While some are able to move forward, others find themselves stuck in a state where acceptance seems impossible and everyday routines are disrupted. They are consumed with overwhelming anxiety or depression.  If there is a traumatic event associated with the grief, the trauma event might lead to rumination, hypervigilance and difficulties in daily life functions. This leaves little to no space for the grief which is suppressed to the background.

According to Shaver and Mikulincer (2021), there are some ways that we might cope with our grief that may lead to problems in our lives. Those of us who have tendencies to avoid any kind of discomfort may be the most vulnerable. An individual with an avoidant attachment style has a tendency to disregard their own struggles and needs to maintain a sense of peace. Watch for these warning signs and if you believe these describe your coping strategy, it may be in your best interest to seek out professional help.

  • Little or no expression of sadness or sorrow for the loss
  • Rapid return to normal routines and no disruption
  • Dismissal of own needs and emotions
  • Over focus on self-reliance
  • Loss is not only compartmentalized it is dissociated from own experience
  • Negative physical symptoms or psychological symptoms worsen as time progresses

How to Respond When Someone You Know is Grieving

Some helpful tips for interacting with loved ones who are experiencing grief.

  1. Show them that you care by being present when needed.
  2. Refrain from giving advice. Listen and follow their lead.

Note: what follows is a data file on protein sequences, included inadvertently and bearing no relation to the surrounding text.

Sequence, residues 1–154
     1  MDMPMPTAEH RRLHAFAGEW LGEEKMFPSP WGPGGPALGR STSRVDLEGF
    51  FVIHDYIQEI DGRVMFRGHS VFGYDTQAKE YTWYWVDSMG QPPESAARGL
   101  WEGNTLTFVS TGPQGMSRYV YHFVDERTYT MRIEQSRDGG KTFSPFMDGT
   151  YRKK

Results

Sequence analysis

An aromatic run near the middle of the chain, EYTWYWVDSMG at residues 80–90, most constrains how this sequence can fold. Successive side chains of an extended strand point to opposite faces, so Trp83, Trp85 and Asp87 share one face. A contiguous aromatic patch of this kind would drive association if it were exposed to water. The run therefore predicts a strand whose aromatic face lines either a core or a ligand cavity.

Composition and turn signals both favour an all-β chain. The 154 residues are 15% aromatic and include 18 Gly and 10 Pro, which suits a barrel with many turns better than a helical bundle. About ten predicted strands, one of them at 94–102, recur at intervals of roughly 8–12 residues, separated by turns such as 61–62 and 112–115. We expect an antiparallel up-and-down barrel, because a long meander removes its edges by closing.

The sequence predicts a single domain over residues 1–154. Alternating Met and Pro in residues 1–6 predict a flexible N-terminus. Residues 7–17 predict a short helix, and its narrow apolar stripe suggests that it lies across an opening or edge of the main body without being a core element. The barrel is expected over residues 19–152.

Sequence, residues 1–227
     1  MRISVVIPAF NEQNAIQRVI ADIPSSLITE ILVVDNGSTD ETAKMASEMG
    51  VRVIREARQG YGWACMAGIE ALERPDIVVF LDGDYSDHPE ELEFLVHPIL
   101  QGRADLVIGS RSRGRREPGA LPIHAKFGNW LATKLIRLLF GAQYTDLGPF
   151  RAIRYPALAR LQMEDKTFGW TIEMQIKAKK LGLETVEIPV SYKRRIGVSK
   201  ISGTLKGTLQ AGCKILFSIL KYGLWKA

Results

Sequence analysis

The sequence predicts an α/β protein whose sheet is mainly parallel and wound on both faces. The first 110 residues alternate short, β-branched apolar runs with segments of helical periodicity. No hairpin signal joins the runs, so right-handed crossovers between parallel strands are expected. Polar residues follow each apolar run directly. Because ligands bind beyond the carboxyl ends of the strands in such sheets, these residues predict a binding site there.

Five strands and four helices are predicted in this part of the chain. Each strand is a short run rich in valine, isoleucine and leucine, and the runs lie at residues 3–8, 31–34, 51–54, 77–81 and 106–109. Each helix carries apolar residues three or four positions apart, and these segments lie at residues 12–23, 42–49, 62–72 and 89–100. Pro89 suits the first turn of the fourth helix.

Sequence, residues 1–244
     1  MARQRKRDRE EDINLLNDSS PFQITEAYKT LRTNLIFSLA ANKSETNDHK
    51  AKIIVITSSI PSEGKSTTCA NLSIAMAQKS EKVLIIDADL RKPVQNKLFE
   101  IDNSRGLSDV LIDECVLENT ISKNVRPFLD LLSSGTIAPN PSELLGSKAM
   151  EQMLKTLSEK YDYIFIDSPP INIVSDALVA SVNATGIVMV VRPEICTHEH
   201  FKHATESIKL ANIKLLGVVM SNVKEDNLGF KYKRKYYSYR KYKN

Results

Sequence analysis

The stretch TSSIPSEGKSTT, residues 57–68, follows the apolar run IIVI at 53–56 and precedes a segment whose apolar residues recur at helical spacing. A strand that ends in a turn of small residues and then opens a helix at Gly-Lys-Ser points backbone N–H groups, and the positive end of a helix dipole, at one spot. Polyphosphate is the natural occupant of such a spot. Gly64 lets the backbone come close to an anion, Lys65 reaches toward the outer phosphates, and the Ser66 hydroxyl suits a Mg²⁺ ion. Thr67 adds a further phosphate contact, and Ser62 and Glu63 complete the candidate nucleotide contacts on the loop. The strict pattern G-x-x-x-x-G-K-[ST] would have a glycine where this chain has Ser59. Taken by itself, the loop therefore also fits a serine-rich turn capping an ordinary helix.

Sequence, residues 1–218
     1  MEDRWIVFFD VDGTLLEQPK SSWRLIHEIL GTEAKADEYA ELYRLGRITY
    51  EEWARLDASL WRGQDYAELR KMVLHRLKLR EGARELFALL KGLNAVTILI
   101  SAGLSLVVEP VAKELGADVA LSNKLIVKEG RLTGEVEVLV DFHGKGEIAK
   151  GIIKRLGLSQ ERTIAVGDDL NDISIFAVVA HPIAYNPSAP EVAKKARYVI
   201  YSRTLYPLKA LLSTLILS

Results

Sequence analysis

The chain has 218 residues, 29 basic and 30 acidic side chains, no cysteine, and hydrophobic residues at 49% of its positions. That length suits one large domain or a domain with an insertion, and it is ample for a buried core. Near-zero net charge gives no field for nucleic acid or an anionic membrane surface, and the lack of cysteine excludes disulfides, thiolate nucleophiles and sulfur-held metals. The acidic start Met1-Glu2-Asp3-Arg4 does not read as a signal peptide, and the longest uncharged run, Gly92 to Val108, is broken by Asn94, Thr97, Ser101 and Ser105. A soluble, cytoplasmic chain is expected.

3. Sometimes when we see someone in pain, we are tempted to talk about our own suffering. These comparisons might lead your loved one to feel that their pain is being minimized.
  4. Be patient and allow for individuality and flexibility.
  5. Look for simple ways to serve them. A smile, a note, laughter, taking a walk, or making yourself available regularly allows for the connections to happen naturally and in their own time frame.

Helpful Resources

Some helpful resources for self-study:

  • The Wild Edge of Sorrow: Rituals of Renewal and the Sacred Work of Grief by Francis Weller
  • The Five Invitations: Discovering What Death Can Teach Us About Living Fully by Frank Ostaseski
  • Radical Compassion: Learning How to Love Yourself and Your World with the Practice of RAIN by Tara Brach 
  • When Things Fall Apart by Pema Chodron
  • The Wisdom of No Escape by Pema Chodron
  • It’s OK that you’re NOT OK by Megan Devine
  • A Year of Magical Thinking by Joan Didion
  • On Grief and Grieving by Elisabeth Kubler Ross
  • The Wild Edge of Sorrow by Francis Weller
  • Finding Beauty in a Broken World by Terry Tempest Williams 
  • Understanding Your Grief by Alan Wolfelt

Give yourself the gift of grace, compassion and kindness.  Give yourself the space to grieve.

At Achieve Family Therapy, we help our clients move through a three-stage process. We know the only way to heal is to feel.  We use an Emotionally Focused Individual Therapy model to assist our clients move from loss to growth and finally resilience. As therapists, our primary goal is to validate your experience and be curious with you about where you have become stuck, identify your fears and ask questions that lead you to shifts in your experiences with yourself and others. Through this process you will sometimes lead allowing yourself to be heard, seen and understood. At other times, you will follow the therapist who will guide you into new experiential experiences that overtime move you through a process that makes space for your grief, brings a new focus, acceptance and a new chapter where you are now not only living but thriving.

Getting Help for Your Grief

If you are ready now, to reach out for support please click the link below.